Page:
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Houston podiatrist treats hammer toes without surgery. A #hammertoe is a foot deformity when the toe buckles up at the joints of the toe, giving it a hammered appearance. The hammer toe often becomes painful. This pain could be because of the pressure of the toe against the shoe. It also may be because of the pressure at the joint between the foot and the toe. There also may be painful, corns, soft corns, or calluses that form because of the pressure. There are non-surgical ways to treat a hammer toe. The success of a non-surgical treatment relies on how progressed the deformity has become. It also depends on how rigid the toe is. This means if you're able to manually straighten the toe, these non-surgical treatments can be helpful. There'll be less helpful if you're unable to manually straighten the toe because it's become more rigid. 

One of the more popular ways to splint a hammertoe is with the use of a #BudinSplint. This splint works for hammertoes in the very early stages when the hammer toe is very flexible. The principle is simple. An elastic loop slips over the toe with a soft foam material sitting under the foot. The tension on the loop pulls the toe down. These splints come in single, double, or even triple loops to work on the adjacent toes. These splints have their place. However, if the toe is not flexible, they can end up becoming very uncomfortable. 

Another excellent treatment for an early stage hammer toe is a custom orthotic. An orthotic is a custom made insole that's designed to neutralize your faulty mechanics and to allow the foot to work in as stable and efficient a manner as possible. With properly placed support, the toe should lay out flat when the orthotic is being used. The orthotic will also help to remove the forces that are causing the toes to deform. While the hammer toes will not resolve with the use of an orthotic, the orthotic device should stop the hammer toes from progressing.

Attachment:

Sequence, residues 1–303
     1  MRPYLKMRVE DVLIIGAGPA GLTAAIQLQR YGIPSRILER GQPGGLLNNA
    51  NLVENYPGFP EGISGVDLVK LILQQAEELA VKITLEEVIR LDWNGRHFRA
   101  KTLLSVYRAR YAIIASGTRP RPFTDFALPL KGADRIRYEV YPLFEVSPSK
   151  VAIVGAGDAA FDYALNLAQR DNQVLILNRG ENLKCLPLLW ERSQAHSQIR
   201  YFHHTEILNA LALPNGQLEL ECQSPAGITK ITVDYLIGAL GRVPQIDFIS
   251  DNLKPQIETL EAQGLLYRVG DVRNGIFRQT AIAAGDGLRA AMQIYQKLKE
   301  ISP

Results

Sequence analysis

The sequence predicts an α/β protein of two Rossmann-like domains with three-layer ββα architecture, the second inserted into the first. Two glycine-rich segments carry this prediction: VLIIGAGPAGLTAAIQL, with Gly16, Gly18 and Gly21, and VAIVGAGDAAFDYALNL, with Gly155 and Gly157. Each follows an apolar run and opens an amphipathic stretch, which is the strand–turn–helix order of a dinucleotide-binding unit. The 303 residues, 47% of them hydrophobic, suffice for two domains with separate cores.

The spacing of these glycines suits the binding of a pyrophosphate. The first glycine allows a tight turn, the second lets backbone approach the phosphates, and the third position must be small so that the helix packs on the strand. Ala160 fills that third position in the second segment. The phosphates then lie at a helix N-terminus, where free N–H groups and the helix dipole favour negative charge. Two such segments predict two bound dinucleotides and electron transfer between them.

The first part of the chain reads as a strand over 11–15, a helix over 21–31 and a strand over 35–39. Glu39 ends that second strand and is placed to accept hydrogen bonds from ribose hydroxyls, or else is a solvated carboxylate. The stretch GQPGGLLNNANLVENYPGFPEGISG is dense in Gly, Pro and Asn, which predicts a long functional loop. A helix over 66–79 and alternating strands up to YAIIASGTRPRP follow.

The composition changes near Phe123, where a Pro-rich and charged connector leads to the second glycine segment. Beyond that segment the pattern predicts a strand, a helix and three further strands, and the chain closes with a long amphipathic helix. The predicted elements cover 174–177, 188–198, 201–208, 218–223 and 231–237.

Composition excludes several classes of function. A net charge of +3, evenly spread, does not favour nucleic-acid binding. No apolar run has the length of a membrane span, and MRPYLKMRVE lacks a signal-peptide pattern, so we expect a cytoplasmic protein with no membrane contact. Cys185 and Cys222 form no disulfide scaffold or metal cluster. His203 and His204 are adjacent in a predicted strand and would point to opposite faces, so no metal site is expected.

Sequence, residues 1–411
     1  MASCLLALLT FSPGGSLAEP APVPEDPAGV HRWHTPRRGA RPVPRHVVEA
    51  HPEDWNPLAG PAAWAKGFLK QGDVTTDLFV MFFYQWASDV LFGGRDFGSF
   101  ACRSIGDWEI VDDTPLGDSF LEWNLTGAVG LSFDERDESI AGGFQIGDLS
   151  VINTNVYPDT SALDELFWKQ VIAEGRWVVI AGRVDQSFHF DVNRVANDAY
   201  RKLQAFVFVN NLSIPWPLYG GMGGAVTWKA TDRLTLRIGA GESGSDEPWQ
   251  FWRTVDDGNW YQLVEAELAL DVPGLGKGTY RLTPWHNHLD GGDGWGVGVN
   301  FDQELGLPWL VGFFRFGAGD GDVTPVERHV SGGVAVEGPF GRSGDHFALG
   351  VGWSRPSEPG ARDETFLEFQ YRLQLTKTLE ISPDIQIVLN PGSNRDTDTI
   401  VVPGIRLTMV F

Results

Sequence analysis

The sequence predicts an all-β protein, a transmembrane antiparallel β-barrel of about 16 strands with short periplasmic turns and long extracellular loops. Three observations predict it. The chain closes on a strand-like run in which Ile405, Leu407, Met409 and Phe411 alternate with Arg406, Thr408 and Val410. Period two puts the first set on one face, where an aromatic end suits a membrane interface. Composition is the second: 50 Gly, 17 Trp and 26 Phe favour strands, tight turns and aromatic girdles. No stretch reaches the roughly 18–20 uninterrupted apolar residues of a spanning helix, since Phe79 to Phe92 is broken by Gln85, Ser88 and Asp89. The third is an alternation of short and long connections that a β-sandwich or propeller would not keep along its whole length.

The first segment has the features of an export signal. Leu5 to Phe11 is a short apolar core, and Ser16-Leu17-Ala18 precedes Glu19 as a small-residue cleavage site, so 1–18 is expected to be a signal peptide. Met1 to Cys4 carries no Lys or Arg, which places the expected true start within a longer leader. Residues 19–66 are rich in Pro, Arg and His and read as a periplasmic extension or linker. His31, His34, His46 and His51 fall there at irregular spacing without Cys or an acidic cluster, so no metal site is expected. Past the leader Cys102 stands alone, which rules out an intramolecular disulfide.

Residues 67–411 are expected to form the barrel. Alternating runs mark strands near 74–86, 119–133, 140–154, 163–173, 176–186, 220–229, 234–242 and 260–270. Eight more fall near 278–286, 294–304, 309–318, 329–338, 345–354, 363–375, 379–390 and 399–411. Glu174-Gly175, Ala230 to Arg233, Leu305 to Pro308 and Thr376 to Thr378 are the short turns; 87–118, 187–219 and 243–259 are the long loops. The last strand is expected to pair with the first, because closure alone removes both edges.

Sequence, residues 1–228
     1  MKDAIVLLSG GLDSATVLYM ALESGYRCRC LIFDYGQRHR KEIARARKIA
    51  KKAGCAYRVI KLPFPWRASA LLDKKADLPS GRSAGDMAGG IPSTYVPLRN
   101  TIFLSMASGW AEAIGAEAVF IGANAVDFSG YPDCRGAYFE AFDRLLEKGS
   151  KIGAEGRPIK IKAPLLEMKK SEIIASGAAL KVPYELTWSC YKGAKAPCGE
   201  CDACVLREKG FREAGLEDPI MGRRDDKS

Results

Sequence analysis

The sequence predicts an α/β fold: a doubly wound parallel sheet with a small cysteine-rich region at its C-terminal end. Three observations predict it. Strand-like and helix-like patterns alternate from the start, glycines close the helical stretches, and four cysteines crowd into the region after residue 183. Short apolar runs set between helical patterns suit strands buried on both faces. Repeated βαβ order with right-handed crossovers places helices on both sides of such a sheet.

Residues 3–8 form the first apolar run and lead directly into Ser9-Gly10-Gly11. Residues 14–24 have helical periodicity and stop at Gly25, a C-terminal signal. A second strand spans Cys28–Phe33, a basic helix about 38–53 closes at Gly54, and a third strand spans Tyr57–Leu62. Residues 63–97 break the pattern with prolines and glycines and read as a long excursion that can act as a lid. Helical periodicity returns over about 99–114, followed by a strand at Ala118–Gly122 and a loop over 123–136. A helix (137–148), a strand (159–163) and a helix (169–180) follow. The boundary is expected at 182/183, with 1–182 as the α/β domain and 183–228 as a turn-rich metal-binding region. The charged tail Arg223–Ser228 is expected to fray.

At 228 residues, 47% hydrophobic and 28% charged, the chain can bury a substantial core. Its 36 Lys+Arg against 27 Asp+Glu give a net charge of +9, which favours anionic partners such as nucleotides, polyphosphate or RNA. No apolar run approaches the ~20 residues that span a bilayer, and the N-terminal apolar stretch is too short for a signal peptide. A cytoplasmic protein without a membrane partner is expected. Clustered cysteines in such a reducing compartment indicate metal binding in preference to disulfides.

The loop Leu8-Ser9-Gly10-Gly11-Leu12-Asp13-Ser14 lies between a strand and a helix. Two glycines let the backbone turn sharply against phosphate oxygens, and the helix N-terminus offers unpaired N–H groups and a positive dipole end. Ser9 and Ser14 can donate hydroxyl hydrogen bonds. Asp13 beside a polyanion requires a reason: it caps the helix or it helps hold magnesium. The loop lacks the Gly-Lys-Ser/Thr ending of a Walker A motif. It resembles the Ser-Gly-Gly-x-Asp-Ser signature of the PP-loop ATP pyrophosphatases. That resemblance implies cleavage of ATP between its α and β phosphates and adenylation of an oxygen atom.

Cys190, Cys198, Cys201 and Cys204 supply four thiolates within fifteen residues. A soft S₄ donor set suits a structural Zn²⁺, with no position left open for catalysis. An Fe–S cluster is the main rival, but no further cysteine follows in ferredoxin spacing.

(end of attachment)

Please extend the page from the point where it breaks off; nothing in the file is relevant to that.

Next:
There are a number of pads that are effective in either supporting or cushioning the painful areas associated with a hammertoe deformity. The first one I'd like to discuss is called a crest pad. A crest pad is a teardrop shaped pad that sits under your toes in the sulcus. It pushes the front of your toes up, essentially straightening the toe. This makes it perfect for people who are getting pain or lesions at the end of their toes. 

Toe caps are another pad that works great when there's a lesion or pain at the end of the toe. Think of it as a sock for the end of your toe. At the end of the pad, there's a soft silicone or foam cushioning. This will provide a cushioned buffer at the end of your toe and help to provide relief from the pain of the callus at the end of your toe. You can try a crest pad and a toe cap and stick with what works best for you. Using both is usually overkill. 

If you're getting pain on top of the joint, especially if a corn is formed there, there's a different pad that will take care of that. A Silopos pad is an elastic covering with silicone padding. The silicone lies over the joint with the corn and cushions it against the top of this shoe. 

Sometimes a hammer toe can cause pressure between two toes. This is particularly true with a curved, adductovarus fifth toe. Because of the way the bone twists, the bone in the fifth toe pushes against the bone in the fourth toe and a lesion known as a soft corn develops. Separating the toes with a foam or silicone toe separator will stop the bones from impacting one another. Recently, products like the Mind Bodhi gel toe seperators have also become very popularfor their comfort, and because you can wear them with or without socks and shoes. A product like this should help to stop or slow the soft corn from developing. Some people prefer to use lambs wool. 

Another pad that works well when there's a corn on top of the foot is a corn pad. These are generally pads that have an adhesive to stick to the top of the toe, and there's a hole where the corn is. It helps to protect the area of the corn. My preference is to use pads like these made out of felt. The felt maintains its thickness and offers better protection. The alternative is to use a similar pad made from foam. The problem is foam flattens out like a sponge and doesn't offer the same protection. 

One thing that I recommend against for everyone is the use of corn or callus removers. They're usually sold as medicated pads. The medication that's referred to is an acid. Since you can't regulate how much acid gets to the area, it can make the toe more inflamed and even burn a hole through the healthy skin. These pads do work about one third of the time, but to me, it's not worth the risk of aggravating the situation.